2 Classification means grouping the observations based on a predictable attribute. Each case contains a set of attributes, of which one is the classification attribute (the predictable attribute). In our application, this attribute is called RESTANTIER. The operation consists in finding a model that describes the predictable attribute as a function of other attributes taken as input values. Basically, the objective of the classification is to first analyze the training data and develop a model for each class using the attributes available in the data. Such class descriptions are then used to classify future independent test data or to develop a better description for each class. In order to train a classification model, the class values of each case in the data set must be known, values that are usually found in historical data [7]. We review the most popular classification algorithms used in our study: logistic regression (LR), Bayesian networks (BN) and support vector machines (SVM). A Logistic Regression model is a special case of linear regression models and it specifies that an appropriate function of the fitted probability of the event is a linear function of the observed values of the available explanatory variables. The major advantage of this approach is that it can produce a simple probabilistic formula of classification. [1] In logistic regression, there is no definition of the coefficient of determination (R 2 ) which is frequently used in the general linear model. R 2 has the desired interpretability as the proportion of variation of the dependent variable, which can be explained by the predictor variables of a given regression model. [6] Bayesian networks show in a graphical manner the dependencies between variables. Based on the network structure, it can realize various kinds of inferences. There are two key optimization-related issues when using Bayesian networks. First, when some of the nodes in the network are not observable, that is, there is no data for the values of the attributes corresponding to those nodes, finding the most likely values of the conditional probabilities can be formulated as a non-linear mathematical program. In practice this is usually solved using a simple steepest descent approach. The second optimization problem occurs when the structure of the network is unknown, which can be formulated as a combinatorial optimization problem [5]. Support Vector Machines have been implemented in many financial applications recently, mainly in the area of time series prediction and classification. Support Vector Machine is a classification and regression prediction tool that uses machine learning theory to maximize predictive accuracy while automatically avoiding over-fit to the data. [2] The algorithm is considering the following steps: a) Class separation: we must find the optimal separating hyper plane between the two classes. Linear programming can be used to obtain both linear and non-linear discrimination models between separable data points or instances. If this hyper plane exists, then there are many such planes. The optimal separating hyper plane is the one that maximizes the sum of the distances from the plane to the closest positive example and the closest negative example. b) Overlapping classes: data points on the wrong side of the discriminated margin are weighted down; c) Nonlinearity: when we cannot find a linear separator, data points are projected into a higherdimensional space where the data points effectively become linearly separable (this projection is realised via kernel techniques); d) Problem solution: the whole task can be formulated as a quadratic optimization problem which can be solved by specific techniques Data The study is based on financial data in 2009 from an important bank in Romania and the target customers are credit card holders. Among the instances, 1489 record arrears. The research involves normalization of attribute values and a binary variable as response variable: 1 for the default situation and 0 for non-default. Explanatory variables or the attributes are found in the scoring model proposed by us that includes: Credit amount (the amount limit by which the debtor may have multiple withdrawals and repayments from the credit card), Credit balance, Opening date of the credit account, credit product identification, Category, Currency, Client s name, Gender, Age, Marital status, Profession, Client with history (including other banking products and payment history), Deposit state, Amounts of deposits opened in the bank, if applicable, Scoring rate (scoring points from 1 to 6, 1 is for the best and 6 for the weakest debtor). Data was divided into two tables, one used for model construction and one for testing and validating the model Applying the algorithm on all attributes Oracle Data Mining enables the application of the algorithm on the recorded observations and the ISBN:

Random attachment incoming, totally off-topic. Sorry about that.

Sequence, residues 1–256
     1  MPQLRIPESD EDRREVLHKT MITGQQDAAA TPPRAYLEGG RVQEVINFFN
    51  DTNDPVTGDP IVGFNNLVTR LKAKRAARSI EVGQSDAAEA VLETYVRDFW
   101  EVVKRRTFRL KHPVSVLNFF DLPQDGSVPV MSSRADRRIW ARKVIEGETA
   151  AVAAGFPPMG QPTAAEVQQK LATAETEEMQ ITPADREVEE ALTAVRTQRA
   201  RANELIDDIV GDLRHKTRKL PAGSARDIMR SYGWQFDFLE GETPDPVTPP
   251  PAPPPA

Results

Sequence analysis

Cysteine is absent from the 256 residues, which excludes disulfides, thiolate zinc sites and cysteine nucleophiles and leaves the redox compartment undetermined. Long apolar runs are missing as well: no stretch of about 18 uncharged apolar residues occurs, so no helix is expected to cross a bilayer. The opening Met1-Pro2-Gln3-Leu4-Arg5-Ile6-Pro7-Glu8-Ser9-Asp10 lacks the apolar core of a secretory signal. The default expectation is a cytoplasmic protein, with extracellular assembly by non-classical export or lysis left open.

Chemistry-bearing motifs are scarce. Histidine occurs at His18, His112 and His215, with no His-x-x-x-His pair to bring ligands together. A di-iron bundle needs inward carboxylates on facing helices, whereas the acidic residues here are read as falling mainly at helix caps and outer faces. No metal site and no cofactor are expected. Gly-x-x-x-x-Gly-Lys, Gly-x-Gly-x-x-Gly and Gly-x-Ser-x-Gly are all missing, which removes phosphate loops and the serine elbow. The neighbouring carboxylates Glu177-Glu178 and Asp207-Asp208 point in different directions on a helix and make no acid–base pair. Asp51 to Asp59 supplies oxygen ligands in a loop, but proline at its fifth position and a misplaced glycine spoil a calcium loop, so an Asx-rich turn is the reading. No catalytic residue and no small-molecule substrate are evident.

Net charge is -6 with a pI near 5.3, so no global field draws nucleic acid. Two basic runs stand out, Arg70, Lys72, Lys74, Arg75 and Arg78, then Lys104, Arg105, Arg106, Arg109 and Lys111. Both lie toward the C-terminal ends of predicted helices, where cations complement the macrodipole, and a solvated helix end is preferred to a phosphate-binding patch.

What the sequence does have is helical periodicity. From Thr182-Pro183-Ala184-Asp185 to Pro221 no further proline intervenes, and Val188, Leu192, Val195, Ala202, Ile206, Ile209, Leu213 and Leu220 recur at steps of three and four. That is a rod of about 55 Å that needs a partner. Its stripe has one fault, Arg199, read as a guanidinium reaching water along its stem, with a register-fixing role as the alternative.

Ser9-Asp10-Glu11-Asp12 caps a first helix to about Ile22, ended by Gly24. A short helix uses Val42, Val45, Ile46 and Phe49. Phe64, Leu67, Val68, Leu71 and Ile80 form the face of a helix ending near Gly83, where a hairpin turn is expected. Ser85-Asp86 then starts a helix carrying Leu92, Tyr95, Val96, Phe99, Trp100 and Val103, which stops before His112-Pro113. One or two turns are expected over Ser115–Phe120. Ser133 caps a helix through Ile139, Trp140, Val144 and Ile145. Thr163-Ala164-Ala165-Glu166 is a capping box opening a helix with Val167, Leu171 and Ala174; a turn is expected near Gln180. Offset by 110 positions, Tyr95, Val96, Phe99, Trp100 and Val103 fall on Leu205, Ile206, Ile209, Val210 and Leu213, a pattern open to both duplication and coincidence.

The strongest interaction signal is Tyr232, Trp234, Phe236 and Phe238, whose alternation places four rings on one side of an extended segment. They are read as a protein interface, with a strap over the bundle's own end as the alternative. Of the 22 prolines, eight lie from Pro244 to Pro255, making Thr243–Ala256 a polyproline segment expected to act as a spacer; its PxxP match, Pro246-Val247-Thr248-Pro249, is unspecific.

3 possibility to configure the models. For results interpretation, there are made available a series of suggestive views. Thus, based on each client attributes found in the table above, we determine the customer profile in terms of solvency (good payer, bad payer). Let s interpret the results on cost matrix and confusion matrix obtained from the construction and testing of each model. These are generated from the Accuracy module. Accuracy refers to the percentage of correct predictions made by the model compared to the real classifications from the test data. In the following figure, the top screen shows the cost matrix and the second screen shows the confusion matrix. As we can see, for LG model, there are instances with 0 value (debtors who repay) from which 98,15% were correct predicted, and default cases, with 1 value, from which the model predicted correctly 93,22%. The total cost is 411 records. The confusion matrix displays the model errors, as follows: the figure 1 from left cell bottom shows false negative predictions, predictions of 0 when the real value is 1 (the client is a good payer but he records default) and 310 from the right cell above indicates false positive predictions, predictions of 1 when the actual value is 0 (the customer is a bad payer but he repays the loan). LG model made ( ) correct predictions and 411 ( ) wrong predictions from a total of instances. The error rate is 0,022. The false positive rate is 0,067 and the false negative rate is 0,018. In case of Naive Bayes model, there are instances with 0 value (good payers) from which 95,85% were correct predicted, and default cases, with 1 value, from which the model predicted correctly 99,87%. The total cost is 781,28. The confusion matrix displays the model errors, as follows: NB model made ( ) correct predictions and 697 ( ) wrong Figure 1 - Cost confusion matrix for LG model predictions from a total of instances. The error rate is 0,038. The false positive rate is 0,001 and the false negative rate is 0,041. In case of Support Vector Machines, there are instances with 0 value from which 97,37% were correct predicted, and default cases, with 1 value, from which the model predicted correctly 98,52%. The total cost is 462 u.m. The confusion matrix displays the model errors, as follows: SVM model made ( ) correct predictions and 462 ( ) wrong predictions from a total of instances. The error rate is 0,025. The false positive rate is 0,014 and the false negative rate is 0,026. In conclusion, we can say that in terms of cost and predictions, logistic regression showed both the lowest cost and the lowest error rate followed by a very small distance of Support Vector Machines, the error rates being almost similar. 3. Improving the model for default analysis 3.1. Attribute importance algorithm Oracle Data Mining owns a specific characteristic named Algorithm Importance (AI) which is based on Minimum Description Length (MDL) algorithm that orders the attributes by significance in making predictions. Any system, method, or program using ISBN: